ErgoPharm of Champaign, Ill., began marketing 6-OXO Extreme - an enhanced version of its 6-OXO - as a testosterone booster in the spring of 2007.
Its primary ingredient is a variant of DHEA, a testosterone-like hormone produced in the adrenal gland. The newer version of the supplement also contains other natural ingredients that enhance the capsules' effects, wrote its creator Patrick Arnold, vice-president of parent company Proviant Technologies Inc., in an e-mail message.
Dobs strongly recommends that, in the absence of a medical need, athletes avoid all compounds intended to raise testosterone beyond normal levels.
They may have have the effect of suppressing normal testosterone production, she said, which could be a problem once the supplement is discontinued. Excess muscle mass can also cause medical problems. There is some evidence of reduced sperm counts and, with limited study so far, she said, "there could be some longerterm consequences that we don't understand."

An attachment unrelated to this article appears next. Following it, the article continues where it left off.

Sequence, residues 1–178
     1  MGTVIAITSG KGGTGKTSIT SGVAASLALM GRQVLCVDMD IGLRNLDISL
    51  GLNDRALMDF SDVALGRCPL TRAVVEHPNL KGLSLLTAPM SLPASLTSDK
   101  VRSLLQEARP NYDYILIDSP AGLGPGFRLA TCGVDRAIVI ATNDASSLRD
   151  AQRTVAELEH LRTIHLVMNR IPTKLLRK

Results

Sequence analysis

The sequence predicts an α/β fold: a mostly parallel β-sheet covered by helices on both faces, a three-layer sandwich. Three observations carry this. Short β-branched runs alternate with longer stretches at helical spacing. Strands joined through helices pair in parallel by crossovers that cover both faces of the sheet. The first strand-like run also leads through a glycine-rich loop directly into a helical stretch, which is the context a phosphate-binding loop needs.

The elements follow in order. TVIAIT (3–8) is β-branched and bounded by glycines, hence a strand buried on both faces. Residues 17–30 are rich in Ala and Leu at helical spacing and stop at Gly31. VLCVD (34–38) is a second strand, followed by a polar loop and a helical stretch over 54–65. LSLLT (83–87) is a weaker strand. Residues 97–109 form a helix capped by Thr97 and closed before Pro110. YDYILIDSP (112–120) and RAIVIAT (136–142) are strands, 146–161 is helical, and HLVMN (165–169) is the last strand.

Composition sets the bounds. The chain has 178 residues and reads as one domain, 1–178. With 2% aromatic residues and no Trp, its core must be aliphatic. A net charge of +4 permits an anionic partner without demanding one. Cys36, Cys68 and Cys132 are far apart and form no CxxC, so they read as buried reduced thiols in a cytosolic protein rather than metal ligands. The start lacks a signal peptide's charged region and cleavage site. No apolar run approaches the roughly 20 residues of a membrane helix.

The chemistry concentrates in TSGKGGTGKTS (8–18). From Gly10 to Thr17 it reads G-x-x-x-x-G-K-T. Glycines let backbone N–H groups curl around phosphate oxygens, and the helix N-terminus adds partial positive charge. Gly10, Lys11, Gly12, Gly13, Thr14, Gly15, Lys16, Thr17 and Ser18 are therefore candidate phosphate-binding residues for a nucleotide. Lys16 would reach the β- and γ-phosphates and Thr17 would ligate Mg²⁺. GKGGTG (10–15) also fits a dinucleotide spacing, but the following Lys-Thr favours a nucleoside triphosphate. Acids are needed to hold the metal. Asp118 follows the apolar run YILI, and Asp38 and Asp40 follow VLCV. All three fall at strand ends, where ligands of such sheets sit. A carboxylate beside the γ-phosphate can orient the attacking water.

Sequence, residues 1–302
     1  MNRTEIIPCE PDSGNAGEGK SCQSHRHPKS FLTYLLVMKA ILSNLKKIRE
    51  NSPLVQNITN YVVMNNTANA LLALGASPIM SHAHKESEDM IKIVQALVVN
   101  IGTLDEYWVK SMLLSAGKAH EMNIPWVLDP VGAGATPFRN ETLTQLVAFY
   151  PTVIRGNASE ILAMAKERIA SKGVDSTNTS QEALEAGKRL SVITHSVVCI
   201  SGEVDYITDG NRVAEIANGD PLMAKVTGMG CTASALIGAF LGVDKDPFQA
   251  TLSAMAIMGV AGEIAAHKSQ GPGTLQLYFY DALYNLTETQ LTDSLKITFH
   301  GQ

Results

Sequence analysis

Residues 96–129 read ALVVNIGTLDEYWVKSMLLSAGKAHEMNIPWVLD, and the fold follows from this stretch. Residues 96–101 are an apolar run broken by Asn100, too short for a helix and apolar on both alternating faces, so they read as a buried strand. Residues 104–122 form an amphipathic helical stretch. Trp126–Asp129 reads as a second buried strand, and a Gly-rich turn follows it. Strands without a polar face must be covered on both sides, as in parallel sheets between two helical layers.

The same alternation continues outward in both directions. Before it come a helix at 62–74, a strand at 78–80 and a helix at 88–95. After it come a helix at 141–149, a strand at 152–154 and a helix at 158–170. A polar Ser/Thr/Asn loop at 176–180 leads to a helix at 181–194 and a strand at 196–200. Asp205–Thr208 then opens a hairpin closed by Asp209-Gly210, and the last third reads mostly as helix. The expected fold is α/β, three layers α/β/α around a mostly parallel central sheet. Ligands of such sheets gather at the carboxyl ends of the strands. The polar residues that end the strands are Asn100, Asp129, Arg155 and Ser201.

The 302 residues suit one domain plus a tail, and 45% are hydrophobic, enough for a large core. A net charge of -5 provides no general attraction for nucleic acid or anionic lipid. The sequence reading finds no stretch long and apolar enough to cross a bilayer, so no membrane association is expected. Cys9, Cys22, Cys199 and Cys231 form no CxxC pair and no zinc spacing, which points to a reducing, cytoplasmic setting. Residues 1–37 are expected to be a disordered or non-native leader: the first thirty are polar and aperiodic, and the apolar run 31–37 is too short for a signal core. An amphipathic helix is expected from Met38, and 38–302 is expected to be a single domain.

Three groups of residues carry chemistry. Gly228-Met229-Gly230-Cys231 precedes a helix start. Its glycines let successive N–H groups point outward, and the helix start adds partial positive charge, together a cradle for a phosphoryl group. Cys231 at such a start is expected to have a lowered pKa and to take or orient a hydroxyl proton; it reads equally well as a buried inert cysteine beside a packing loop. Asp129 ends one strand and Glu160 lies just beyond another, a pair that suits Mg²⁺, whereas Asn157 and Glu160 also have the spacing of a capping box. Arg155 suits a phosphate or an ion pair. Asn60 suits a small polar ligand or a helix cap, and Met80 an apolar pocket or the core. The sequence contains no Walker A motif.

In children who are still developing, Dobs said, artificially high levels of testosterone can mimic adult levels and stunt growth.
While much of the controversy surrounding Romero has focused on what is allowed and why 6-OXO Extreme apparently produced a banned substance in a drug test, the real issue, Dobs said, is enhancing performance by raising normal levels of testosterone.
"There is always a new designer drug that is being developed that is not being detected in the athletes."
Contact staff writer Don Sapatkin at 215-854-2617 or email@example.com.